Nicosia (Lefkosia) is the capital city of Cyprus, and some would say its very heart and soul. If you have limited time to see Cyprus, then Nicosia should be at the top of your list. Steeped in historic and archeoligical sites, the old city is surrounded by a complete circular wall built by the Venetians between 1567 and 1570, the periphery of which is about 3 miles. The wall has three gates (Paphos Gate, Famagusta Gate and Kyrenia Gate (in Turkish occupied area), as well as eleven heartshaped symmetric bastions. The Famagusta Gate with its two halls and passageway, has become Nicosia's Cultural Center and well worth visiting. The Paphos Gate is a controlled entrance point to the buffer zone, manned by the United Nations.
The narrow streets of the old city make it a unique and fascinating place to look around. Other places are well worth visiting are;
(CCMD) The Cyprus Community Media Centre in the grounds of the Ledra Palace (buffer zone), this is a new centre, open on 9th December 2009, which is supported by United Nations Development Programme - Action for Cooperation and Trust (UNDP - ACT). The centre will be equipped with training materials, audiovisual equipment and resources to build dimensions with regard to communications and media. The hopes of the CCMC are to increase the ability of civil society organisations to speak for themselves, to enhance their public communications and encourage dialogue about reconciliation.
The Cyprus Handicraft Center on Athalassa Avenue, where you can watch traditional art skills and handicraft being made, as well as buy traditional Cypriot products.
The Municipal Arts Center on Apostolou Varnava Street, which was the Old Electricity Generating Plant, and is now a center for contemporary art.
The Leventis Municipal Museum on Hyppocratous Street in Laiki Yitonia, next to Eleftheria Square, which houses exhibits dating from before 2000 BC up to the present day.
The Cyprus Museum on Museum Street, said to be the richest and best archaeological museum in Cyprus, showing treasures of art from the Neolithic Period (5800 BC) to the early Byzantine Period (330-1192AD), including Cypriot pottery, terracotta, clay and stone sculptures, bronze and jewellery.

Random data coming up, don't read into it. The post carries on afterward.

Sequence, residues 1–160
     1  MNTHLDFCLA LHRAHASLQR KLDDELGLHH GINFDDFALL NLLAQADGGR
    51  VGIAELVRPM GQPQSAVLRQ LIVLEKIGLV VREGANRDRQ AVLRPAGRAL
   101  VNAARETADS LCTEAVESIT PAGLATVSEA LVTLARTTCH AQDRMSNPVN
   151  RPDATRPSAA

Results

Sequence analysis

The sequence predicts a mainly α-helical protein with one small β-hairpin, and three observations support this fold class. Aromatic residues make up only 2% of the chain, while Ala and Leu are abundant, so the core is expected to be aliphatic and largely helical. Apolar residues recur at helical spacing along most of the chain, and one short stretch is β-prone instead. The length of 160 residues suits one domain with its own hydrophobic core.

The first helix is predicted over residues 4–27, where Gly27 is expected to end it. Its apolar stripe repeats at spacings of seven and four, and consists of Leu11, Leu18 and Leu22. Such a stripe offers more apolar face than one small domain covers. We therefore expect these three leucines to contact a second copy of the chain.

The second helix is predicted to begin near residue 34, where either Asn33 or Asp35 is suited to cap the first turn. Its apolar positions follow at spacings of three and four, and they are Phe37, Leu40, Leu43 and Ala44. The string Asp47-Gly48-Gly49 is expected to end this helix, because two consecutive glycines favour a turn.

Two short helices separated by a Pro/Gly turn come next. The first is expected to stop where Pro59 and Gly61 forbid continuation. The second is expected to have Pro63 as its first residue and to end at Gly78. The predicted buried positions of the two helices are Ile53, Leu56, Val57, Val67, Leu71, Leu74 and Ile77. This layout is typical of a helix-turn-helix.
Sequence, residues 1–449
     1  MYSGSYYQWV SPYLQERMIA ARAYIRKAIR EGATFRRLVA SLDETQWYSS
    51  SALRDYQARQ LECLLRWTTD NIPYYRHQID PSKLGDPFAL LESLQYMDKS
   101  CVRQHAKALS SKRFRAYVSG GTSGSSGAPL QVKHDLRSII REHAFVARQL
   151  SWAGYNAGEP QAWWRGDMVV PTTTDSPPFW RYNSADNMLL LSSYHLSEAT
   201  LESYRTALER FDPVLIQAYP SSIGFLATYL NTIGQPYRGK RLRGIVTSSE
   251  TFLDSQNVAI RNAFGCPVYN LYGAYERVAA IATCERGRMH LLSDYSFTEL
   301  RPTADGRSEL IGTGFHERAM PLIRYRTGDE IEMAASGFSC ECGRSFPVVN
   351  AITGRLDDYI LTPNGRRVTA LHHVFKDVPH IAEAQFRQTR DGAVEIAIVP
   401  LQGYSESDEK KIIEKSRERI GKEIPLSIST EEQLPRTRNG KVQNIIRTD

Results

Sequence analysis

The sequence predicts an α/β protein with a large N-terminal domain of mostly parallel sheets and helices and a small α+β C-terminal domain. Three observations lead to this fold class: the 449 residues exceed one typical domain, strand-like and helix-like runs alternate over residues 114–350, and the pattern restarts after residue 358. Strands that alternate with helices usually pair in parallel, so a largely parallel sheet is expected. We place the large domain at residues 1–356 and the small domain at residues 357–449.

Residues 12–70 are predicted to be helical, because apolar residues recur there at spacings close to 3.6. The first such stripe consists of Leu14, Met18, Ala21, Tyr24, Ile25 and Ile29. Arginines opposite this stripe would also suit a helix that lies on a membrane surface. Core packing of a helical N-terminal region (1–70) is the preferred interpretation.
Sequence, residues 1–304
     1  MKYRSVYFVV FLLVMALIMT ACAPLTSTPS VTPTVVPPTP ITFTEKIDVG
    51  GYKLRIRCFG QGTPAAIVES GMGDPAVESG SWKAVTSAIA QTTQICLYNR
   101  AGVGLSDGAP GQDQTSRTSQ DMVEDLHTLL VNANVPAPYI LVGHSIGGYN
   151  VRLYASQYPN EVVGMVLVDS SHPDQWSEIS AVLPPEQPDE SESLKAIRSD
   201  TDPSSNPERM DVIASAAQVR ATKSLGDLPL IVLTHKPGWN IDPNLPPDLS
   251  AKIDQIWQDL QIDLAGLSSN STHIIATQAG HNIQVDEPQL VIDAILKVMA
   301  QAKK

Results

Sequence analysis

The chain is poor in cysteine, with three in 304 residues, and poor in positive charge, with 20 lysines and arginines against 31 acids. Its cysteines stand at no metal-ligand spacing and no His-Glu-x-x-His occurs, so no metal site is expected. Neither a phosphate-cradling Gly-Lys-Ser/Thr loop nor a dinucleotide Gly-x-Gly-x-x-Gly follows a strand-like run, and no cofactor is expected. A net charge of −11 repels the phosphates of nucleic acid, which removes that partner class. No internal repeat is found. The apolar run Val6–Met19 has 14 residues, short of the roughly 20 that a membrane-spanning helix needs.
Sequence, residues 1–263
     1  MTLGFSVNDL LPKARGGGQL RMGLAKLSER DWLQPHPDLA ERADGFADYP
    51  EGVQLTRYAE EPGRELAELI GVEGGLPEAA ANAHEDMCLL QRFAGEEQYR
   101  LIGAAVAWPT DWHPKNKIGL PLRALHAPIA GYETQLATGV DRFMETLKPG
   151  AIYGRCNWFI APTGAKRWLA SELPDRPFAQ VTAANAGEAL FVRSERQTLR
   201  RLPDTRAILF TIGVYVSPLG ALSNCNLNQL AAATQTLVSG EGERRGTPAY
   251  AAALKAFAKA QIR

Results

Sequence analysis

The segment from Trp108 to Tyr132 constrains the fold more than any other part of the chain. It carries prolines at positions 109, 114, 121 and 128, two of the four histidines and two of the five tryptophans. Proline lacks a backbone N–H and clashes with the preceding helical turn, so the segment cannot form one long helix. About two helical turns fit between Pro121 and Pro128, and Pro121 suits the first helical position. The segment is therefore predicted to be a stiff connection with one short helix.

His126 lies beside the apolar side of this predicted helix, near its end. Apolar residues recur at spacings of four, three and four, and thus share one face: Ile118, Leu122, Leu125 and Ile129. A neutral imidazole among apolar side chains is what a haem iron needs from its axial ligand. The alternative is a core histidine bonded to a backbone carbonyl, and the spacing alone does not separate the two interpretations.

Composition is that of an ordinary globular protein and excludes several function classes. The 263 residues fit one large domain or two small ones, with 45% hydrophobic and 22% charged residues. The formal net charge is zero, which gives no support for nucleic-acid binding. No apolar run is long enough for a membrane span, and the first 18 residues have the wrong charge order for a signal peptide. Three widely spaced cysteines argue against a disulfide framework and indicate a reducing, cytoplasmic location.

The Byzantine Art Museum is housed within The Archbichopric (The Archbishop's palace), and displays the largest collection of Cyprus icons, with 220 pieces that cover the periods from the 5th to the 19th century.
Cyprus Jewellers Museum on Praxippou Street, Laiki Yitonia, where traditional jewellery from the end of the 19th century are on display.
The Cyprus Postal Museum on Agiou Savva street, where you will find a stamp collection that is internationally acknowledged for having some of the best and most significant stamps in the world, as well as a rare collection of pre-war designed post boxes, an automatic stamping machine, pre-war scales, and medals.
The Museum of The History Of Cyprus Coinage, which is on the on the ground floor of the Bank of Cyprus Headquarters, where you will find a beautiful display of chronologically arranged coins from the 6th century B.C. to the present day.
Ledra Museum Observatory, housed on the 11th floor of the Shakolas building on Ledra Street, where you can take in 360 degree panoramic views of the whole of Nicosia town.
The Municipal Gardens are a very green and scenic place to relax and unwind.
Of course no visit to Nicosia would be complete without a shopping trip, and there is plenty on offer both in the Old City, as well as the new town along Arch Makarios Avenue.
The places listed above are just a very few of the many interesting things to see in Nicosia. Stop off at a Cyprus Tourist Information Center for much more information.